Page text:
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Urine synaptopodin excretion is an important marker of glomerular disease progression

View Article: PubMed Central - PubMed

ABSTRACT

Background/aims:: Podocytes play an important role in maintaining the glomerular filtration barrier and in formation of the slit diaphragm. Podocyte loss is associated with chronic kidney disease progression, but it is not clear whether urinary podocyte proteins in urine reflect the clinical extent of glomerular damage. We investigated the correlation between the amounts of urinary podocyte proteins and renal function and albuminuria.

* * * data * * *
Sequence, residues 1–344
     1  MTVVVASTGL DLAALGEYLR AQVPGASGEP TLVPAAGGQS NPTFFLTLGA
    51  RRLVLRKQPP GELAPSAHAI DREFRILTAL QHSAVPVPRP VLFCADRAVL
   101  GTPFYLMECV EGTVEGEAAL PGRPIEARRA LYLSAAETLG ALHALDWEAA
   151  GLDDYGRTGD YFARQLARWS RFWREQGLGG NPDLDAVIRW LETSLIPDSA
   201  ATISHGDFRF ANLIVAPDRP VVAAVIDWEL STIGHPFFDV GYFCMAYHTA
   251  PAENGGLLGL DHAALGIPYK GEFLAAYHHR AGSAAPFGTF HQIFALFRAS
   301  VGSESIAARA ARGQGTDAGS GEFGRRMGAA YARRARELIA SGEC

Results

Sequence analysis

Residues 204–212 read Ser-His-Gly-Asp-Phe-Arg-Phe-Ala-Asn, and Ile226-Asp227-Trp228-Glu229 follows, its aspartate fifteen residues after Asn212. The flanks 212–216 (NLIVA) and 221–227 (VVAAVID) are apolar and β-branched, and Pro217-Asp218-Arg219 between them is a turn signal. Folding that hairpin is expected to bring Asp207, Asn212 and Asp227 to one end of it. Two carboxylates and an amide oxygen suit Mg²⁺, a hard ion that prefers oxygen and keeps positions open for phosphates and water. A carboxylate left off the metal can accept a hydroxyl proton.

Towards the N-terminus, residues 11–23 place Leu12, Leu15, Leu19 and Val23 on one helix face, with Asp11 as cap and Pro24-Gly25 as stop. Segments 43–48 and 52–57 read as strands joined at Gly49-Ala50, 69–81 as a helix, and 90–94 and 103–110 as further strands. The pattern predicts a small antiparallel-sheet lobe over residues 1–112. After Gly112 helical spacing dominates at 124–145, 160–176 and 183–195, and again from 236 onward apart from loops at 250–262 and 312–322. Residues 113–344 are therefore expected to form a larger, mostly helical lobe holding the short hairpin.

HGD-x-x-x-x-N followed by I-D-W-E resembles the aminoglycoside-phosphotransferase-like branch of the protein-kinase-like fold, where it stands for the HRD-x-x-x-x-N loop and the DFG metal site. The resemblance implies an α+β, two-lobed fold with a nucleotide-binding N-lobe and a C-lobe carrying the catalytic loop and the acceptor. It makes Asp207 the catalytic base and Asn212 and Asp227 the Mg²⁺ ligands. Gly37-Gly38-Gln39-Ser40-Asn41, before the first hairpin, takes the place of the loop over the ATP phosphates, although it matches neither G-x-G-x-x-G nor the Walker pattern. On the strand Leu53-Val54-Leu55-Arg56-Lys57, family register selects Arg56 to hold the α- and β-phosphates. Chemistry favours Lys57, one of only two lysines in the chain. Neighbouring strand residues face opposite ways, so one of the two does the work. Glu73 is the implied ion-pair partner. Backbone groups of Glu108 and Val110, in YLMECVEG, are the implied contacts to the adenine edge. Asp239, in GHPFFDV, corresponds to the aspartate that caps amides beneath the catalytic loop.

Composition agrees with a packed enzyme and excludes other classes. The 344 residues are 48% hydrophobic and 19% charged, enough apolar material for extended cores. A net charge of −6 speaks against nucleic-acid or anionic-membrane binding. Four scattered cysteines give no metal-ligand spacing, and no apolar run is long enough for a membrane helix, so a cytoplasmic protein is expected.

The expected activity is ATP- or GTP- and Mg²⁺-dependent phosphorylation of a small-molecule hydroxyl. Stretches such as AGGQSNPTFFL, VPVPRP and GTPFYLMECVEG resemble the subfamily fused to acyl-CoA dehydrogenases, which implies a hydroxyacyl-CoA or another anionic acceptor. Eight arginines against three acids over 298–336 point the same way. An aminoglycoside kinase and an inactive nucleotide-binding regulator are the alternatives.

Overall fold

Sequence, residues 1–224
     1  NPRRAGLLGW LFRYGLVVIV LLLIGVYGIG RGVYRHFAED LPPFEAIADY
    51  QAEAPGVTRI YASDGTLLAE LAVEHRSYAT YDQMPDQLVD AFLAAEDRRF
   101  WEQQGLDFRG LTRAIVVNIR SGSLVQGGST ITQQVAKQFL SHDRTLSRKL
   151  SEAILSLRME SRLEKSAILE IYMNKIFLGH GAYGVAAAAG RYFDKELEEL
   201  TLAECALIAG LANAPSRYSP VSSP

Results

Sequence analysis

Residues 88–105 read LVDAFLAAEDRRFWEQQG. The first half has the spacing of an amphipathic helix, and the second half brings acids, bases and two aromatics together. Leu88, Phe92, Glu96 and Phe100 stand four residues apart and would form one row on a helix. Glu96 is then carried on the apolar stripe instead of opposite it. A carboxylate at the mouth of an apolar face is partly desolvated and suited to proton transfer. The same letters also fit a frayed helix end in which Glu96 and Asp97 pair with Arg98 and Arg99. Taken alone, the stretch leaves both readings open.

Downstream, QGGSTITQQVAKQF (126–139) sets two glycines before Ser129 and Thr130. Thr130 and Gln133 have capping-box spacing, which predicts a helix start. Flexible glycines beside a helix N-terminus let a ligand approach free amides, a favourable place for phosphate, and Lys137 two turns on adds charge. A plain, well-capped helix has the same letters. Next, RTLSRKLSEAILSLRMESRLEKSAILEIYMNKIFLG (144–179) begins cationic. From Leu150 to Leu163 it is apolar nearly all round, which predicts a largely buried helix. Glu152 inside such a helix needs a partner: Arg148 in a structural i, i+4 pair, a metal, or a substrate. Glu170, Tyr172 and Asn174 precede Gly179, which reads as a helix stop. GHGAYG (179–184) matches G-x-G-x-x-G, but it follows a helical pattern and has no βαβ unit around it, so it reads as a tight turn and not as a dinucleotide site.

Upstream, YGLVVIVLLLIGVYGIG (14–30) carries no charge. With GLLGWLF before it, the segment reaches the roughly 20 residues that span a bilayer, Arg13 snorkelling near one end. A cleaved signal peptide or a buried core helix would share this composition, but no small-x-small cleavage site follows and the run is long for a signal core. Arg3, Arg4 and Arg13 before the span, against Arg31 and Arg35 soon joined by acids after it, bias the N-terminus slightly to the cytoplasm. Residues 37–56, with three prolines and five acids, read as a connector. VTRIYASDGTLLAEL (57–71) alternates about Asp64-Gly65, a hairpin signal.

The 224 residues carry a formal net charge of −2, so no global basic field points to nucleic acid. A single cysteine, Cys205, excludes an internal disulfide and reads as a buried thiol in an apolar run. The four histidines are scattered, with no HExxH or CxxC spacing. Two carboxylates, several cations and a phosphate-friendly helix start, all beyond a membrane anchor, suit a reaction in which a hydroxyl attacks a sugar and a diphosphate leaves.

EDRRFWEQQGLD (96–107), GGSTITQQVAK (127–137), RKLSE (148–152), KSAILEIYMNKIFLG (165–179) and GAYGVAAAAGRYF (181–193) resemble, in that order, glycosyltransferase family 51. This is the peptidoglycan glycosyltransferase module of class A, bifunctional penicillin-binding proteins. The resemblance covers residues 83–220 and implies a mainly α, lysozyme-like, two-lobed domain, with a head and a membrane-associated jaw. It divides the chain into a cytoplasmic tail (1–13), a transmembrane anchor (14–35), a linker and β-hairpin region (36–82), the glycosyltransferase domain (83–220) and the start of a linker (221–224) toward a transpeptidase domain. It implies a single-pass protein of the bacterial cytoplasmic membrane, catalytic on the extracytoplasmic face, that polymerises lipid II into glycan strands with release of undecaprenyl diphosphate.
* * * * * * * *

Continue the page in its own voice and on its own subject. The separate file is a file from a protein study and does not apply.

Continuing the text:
Methods:: The study enrolled 33 patients with diabetic kidney disease or glomerular disease and measured urinary podocytes proteins using Western blotting. Urinary podocyte proteins were measured according to the density of the bands on Western blotting. We measured serum creatinine and the spot urine albumin/creatinine ratio as markers of renal damage, and compared the correlation of urinary podocyte protein in the glomerular disease patients.

Results:: The mean patient age was 49.3 ± 16.5 years, the mean serum creatinine level was 2.30 ± 1.76 mg/dL, and the mean albumin/creatinine ratio was 4.85 ± 3.52. Among the podocyte proteins, urine synaptopodin showed strong correlation with serum creatinine by multivariate regression analysis (p < 0.001) and showed linear correlation (r = 0.429, p < 0.01). Urine podocyte proteins were increased in patients with diabetes, and synaptopodin showed the greatest significant difference (7.68 ± 5.61 vs. 2.56 ± 3.11, p < 0.001), but this might be associated with renal impairment. The urine albumin excretion did not differ between the diabetics and non-diabetics (p = 0.73).